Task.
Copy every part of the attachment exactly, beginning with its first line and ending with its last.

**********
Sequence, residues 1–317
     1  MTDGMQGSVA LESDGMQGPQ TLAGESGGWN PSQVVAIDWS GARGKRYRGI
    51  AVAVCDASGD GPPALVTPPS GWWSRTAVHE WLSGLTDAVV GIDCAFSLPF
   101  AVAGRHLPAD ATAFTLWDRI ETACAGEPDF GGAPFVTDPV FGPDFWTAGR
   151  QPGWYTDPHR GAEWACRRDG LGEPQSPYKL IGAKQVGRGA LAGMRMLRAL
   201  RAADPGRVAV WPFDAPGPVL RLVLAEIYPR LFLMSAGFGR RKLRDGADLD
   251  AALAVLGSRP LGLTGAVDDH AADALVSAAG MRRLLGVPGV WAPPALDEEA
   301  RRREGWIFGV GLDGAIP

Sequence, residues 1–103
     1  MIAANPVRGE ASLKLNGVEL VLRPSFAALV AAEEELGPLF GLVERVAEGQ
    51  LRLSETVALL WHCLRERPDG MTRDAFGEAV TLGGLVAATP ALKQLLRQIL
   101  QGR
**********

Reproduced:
Sequence, residues 1–317
     1  MTDGMQGSVA LESDGMQGPQ TLAGESGGWN PSQVVAIDWS GARGKRYRGI
    51  AVAVCDASGD GPPALVTPPS GWWSRTAVHE WLSGLTDAVV GIDCAFSLPF
   101  AVAGRHLPAD ATAFTLWDRI ETACAGEPDF GGAPFVTDPV FGPDFWTAGR
   151  QPGWYTDPHR GAEWACRRDG LGEPQSPYKL IGAKQVGRGA LAGMRMLRAL
   201  RAADPGRVAV WPFDAPGPVL RLVLAEIYPR LFLMSAGFGR RKLRDGADLD
   251  AALAVLGSRP LGLTGAVDDH AADALVSAAG MRRLLGVPGV WAPPALDEEA
   301  RRREGWIFGV GLDGAIP

Sequence, residues 1–103
     1  MIAANPVRGE ASLKLNGVEL VLRPSFAALV AAEEELGPLF GLVERVAEGQ
    51  LRLSETVALL WHCLRERPDG MTRDAFGEAV TLGGLVAATP ALKQLLRQIL
   101  QGR